Uppföljning Beyond Frames
I början av sommaren gjorde jag en intervju med Ace St Germain som är VD på Beyond Frames. Du kan läsa den intervjun här om du missade den eller vill fräscha upp minnet. Bolaget bevakas av Trade Venue och du kan läsa en rapportkommentar kring bolagets Q2 rapport här vilket också är en bra grund inför den nya intervjun som kommer nedan.
Det är verkligen vind i seglen för bolaget. Mycket hög tillväxt och dessutom ett positivt kassaflöde i senaste kvartalet. Detta samtidigt som det händer mycket i branschen i stort med lanseringar från både några av världens största bolag som Meta och Apple. Det gör att vi i dagens intervju kommer titta lite mer på de stora trenderna samt avsluta med lite kortare del om den starka Q2-rapporten.
Hi again Ace. The last time we focused more on your business, your first year as CEO and the Q1 report. This time we will look at the AR/VR market in general. Because it seems to happen a lot right now. Maybe we should start with the basics. Can you tell us the basics and differences between AR and VR? Are Beyond Frames active in both segments?
We’re technically active in three segments if you include Mixed Reality (MR). Mixed Reality is an important bridge between VR and AR, so let’s spend some time there as well.
Augmented Reality is the visual augmentation of your physical space with digital elements. As an example, imagine simply looking at your refrigerator and having a list of your available ingredients and recipe possibilities automatically appear next to you for easy browsing. Hardware-wise, the goal is to eventually complement or fully replace our mobile phones with AR glasses no larger than your everyday pair of sunglasses. Progress is constantly being made in this area, but we are not quite there yet due to current hardware limitations. Microsoft’s Holo Lens and Magic Leap’s devices are examples of AR-only hardware currently in the market.
Mixed Reality, often named “pass-through” or “spatial computing,” is the bridge between VR and AR that allows users to interact with digital elements in physical spaces. This is made possible by taking VR devices and pairing them with high-resolution outward-facing cameras. The real world is “passed-through” these cameras to the user and augmented with digital elements, which can be made interactive. It’s possible today for consumers to experience MR using newer generation hardware such as the Meta Quest 2, the Meta Quest Pro, or HTC’s XR Elite. Meta’s upcoming Quest 3 is said to excel in the MR space at a consumer-friendly price point.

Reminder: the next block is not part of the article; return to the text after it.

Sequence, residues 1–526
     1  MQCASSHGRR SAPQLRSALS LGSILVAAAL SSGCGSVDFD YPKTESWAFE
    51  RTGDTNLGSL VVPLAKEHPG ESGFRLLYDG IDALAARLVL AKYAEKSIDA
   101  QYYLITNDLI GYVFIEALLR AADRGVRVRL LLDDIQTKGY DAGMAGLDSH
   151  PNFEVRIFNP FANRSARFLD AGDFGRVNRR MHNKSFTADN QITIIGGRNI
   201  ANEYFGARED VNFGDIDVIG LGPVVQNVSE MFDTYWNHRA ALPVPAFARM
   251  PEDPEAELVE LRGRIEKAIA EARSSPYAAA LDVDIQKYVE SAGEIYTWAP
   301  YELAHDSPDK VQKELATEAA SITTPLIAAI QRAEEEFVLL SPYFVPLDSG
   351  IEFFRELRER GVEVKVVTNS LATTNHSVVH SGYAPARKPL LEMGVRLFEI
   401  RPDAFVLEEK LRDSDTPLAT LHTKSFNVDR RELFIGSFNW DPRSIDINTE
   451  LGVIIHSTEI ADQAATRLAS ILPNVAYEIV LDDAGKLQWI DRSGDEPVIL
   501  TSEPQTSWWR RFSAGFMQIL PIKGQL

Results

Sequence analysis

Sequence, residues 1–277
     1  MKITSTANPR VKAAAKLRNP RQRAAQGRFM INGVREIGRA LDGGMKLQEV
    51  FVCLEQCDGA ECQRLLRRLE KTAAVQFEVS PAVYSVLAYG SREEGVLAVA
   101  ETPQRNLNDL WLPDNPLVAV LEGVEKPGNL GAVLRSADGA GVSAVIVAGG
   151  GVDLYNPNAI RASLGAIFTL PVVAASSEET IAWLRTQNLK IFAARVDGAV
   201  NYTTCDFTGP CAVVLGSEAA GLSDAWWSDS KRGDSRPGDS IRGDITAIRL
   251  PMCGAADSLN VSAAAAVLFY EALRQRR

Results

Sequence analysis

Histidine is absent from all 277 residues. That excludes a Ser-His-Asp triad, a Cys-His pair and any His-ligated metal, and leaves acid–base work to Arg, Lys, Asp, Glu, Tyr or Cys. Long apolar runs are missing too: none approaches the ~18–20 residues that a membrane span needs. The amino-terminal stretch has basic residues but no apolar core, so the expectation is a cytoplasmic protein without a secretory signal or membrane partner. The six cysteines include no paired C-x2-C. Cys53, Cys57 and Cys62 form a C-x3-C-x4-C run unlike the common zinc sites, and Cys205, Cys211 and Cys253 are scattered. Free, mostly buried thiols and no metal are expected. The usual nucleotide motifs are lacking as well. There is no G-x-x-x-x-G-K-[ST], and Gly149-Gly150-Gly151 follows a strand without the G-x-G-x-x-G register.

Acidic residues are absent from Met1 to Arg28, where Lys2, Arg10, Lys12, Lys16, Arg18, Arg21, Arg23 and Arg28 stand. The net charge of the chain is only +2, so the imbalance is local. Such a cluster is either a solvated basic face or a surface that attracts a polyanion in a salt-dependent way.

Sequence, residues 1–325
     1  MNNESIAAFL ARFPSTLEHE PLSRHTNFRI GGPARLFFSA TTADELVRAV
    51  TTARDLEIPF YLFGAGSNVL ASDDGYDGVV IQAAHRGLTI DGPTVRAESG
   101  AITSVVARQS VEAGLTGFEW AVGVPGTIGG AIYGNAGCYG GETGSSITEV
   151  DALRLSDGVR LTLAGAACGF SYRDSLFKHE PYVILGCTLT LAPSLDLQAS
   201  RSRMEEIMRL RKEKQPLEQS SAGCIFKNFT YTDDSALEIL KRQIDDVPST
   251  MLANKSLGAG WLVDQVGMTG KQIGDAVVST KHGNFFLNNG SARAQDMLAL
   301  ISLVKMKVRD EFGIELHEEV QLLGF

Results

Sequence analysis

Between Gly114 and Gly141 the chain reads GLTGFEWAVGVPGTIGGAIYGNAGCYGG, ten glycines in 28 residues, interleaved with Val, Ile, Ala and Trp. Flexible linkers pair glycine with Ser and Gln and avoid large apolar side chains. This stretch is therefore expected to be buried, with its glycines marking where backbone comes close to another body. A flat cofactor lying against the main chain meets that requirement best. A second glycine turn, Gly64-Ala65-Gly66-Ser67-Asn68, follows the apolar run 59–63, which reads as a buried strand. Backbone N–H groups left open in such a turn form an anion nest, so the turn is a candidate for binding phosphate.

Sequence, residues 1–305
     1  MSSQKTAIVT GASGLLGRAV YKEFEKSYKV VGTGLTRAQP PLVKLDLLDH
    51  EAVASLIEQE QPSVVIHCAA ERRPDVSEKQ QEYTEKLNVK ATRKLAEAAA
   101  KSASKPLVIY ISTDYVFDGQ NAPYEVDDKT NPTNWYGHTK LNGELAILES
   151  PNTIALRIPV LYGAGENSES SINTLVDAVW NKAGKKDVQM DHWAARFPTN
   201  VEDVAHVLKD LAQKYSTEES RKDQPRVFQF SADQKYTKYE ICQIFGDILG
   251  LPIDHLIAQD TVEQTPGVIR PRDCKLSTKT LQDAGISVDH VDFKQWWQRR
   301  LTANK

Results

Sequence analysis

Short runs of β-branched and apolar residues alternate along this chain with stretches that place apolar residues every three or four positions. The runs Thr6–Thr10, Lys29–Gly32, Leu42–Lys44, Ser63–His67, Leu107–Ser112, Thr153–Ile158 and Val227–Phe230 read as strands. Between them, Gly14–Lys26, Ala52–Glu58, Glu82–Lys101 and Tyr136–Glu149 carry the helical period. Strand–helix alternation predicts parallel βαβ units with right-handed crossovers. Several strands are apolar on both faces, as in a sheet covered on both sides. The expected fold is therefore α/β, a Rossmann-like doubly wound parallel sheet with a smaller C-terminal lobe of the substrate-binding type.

Virtual Reality replaces your physical space. One second, you can be in your living room; the next second, you could transport yourself to fully immersive virtual environments to explore Mars or play padel with a friend across the ocean. The intent of virtual reality is to immerse you to the point where you lose yourself in a new or different reality. Current hardware devices are the Meta Quest family of devices, Pico’s headsets, and a plethora of PC-tethered VR devices such as the Valve Index and HP Reverb etc.
There is a lot of nuance in these definitions and a much longer conversation to be had around the differences in hardware to power each technology, but hopefully, this helps separate the concepts for anyone reading.
What is your reaction to Apples launch of their AR/VR-headset Apple Vision Pro? For me it looks like the biggest Apple launch since Steve Jobs days?
It’s an incredible leap forward for AR/VR/MR and computing in general. Apple’s efforts in silicon development have shown how powerful their M-line of processors can be for laptops and towers, and now we have one in a headset. Miniaturization and efficient power consumption are two of the industry’s main challenges for future development, and Apple has really shown that their bespoke hardware and chipsets can be extremely efficient in this area.
To help put this in perspective for those new to the VR/AR/MR headset market: for a long time, VR headsets used to have to be tethered to a PC using a cord, which would use the processing capabilities of that PC to power virtual reality experiences. We call this PCVR. Then, “standalone” hardware like the Oculus and HTC Vive headsets entered the market, which are powered by mobile chipsets similar to what you would find in your smartphone. Mobile chipsets are fantastic but still far behind chipsets available to PCs and Macs when it comes to graphics and general processing.
With Apple Vision, I joke that we’re exiting the era of “phones on our faces” to the era of “laptops on our faces”. While this might be tongue in cheek, you can imagine the implications for developers and consumer experiences with this jump in power, untethered from a computer.
Another big player in AR/VR is Meta. They have less expensive product in Meta Quest. What are the biggest differences between the products and is there any big differences in Meta and Apple over all strategies in the VR segment?